In conclusion, the use of Matthew 20:28/Mark 10:45 as proof of Penal Substitution is inappropriate. While it may carry some sense of substitution, it does so in support of Ransom, not in support of a substitute penalty.]
Objection 2: Penal Substitution does not require the resurrection [eta: for the remission of sins].
The previous objection was largely one from silence--the Bible doesn't demand, or even really mention, Christ's death as a substitute penalty. My next objection is much stronger.
Penal Substitution holds that Christ bore our sins on the cross (R1). Bearing our sins, He also take the penalty for our sins (S4/S5). If He is bearing our sins, then we no longer are. Even if this is not enough to make us righteous, justified, or sanctified, once Christ has borne our sins on the cross, we are no longer in our sins. Upon Christ's death on the cross, our sins are remitted and the penalty for sin is paid.
[Note that I also believe that Christ bore our sins on the cross. However, I believe He also bears us on the cross. That is not substitution. More on this in my next post.]
However, I Cor 15:17 states that: "if Christ has not been raised, your faith is worthless; you are still in your sins" [emphasis mine]. While Penal Substitution claims that the remission of sins happens because of the crucifixion, this verse makes it clear that the resurrection is the key requirement for the remission of sins.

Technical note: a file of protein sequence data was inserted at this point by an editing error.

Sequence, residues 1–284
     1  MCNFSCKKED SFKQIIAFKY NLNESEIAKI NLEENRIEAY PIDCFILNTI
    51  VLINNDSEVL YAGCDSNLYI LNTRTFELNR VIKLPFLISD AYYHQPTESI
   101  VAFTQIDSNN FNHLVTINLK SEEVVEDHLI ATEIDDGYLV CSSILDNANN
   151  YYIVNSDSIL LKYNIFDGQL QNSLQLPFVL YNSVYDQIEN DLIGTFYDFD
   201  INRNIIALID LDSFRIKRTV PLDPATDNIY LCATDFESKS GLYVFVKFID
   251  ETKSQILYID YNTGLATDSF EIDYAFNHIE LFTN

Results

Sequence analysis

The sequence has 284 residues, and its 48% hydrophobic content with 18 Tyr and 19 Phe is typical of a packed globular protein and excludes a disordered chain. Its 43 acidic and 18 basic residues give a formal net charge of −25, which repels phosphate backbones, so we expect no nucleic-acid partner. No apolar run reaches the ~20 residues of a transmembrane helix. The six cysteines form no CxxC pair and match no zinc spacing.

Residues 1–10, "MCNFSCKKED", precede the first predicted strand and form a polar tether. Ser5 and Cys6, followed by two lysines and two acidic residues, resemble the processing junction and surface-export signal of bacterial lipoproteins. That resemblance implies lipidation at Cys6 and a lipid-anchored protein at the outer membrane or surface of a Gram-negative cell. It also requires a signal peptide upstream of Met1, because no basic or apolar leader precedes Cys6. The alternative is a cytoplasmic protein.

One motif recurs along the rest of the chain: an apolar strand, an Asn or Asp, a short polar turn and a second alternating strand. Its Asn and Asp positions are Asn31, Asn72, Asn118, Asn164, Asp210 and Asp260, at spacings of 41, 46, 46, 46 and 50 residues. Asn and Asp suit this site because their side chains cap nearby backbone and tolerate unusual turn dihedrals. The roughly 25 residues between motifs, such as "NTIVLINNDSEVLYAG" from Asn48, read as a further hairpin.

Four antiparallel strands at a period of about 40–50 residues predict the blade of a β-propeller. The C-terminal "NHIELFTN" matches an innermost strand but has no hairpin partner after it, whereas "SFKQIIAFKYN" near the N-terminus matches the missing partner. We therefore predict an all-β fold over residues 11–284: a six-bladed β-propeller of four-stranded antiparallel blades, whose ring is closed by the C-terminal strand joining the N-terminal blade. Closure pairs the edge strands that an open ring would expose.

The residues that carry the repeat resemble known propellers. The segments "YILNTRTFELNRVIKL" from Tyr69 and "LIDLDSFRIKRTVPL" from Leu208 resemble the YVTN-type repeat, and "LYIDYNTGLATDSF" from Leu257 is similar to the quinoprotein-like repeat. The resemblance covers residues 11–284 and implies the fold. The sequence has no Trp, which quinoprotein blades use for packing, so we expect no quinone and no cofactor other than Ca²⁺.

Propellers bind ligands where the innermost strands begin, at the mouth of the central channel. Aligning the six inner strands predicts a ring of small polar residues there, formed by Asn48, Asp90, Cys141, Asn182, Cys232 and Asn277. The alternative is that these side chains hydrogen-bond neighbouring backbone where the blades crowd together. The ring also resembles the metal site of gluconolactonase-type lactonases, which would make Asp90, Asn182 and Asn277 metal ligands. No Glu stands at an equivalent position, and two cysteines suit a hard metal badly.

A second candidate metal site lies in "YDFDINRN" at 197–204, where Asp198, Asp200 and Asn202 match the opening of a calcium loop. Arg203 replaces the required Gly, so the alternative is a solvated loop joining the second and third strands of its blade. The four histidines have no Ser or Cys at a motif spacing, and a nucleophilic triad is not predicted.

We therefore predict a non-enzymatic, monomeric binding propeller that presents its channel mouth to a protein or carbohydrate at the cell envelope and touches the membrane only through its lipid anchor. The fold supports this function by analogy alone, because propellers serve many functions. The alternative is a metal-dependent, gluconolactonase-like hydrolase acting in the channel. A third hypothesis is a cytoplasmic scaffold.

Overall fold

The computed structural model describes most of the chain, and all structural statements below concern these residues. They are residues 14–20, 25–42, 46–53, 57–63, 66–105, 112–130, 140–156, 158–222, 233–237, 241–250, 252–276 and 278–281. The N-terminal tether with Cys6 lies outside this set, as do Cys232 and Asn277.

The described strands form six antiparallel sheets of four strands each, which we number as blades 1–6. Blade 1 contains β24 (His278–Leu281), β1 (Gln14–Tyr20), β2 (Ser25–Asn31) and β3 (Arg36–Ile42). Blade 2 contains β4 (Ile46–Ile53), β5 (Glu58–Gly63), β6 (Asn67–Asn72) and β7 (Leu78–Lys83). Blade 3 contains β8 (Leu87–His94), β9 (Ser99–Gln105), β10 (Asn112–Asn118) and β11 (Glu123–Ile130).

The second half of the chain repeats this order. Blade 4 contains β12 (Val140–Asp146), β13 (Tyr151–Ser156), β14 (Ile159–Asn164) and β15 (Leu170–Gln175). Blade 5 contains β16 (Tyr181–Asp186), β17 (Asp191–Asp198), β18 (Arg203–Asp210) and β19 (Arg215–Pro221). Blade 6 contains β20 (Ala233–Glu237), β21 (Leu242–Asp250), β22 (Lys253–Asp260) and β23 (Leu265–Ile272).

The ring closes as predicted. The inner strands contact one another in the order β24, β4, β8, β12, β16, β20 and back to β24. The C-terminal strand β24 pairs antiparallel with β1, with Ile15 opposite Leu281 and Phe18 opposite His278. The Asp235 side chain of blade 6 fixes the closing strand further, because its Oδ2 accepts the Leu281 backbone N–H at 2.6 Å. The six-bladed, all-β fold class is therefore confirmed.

In Penal Substitution, the resurrection plays no role in either the paying of the penalty for sin, nor for the remission of sin. If the resurrection plays any role at all, it is in conferring righteousness to us. I Cor 15:17 makes it clear that this is inadequate.
In conclusion, Penal Substitution is unbiblical in regards to the relationship of the remission of sins to the resurrection. The fact that the Bible contradicts Penal Substitution at once place and demands Penal Substitution nowhere forces me to conclude that Penal Substitution is an unbiblical concept that needs to be done away with. Much of the penal aspect is fine, but the framework of substitution must be discarded in favor of something more biblical: union.
[Note: the followup to this post, Penal Union, is now up.]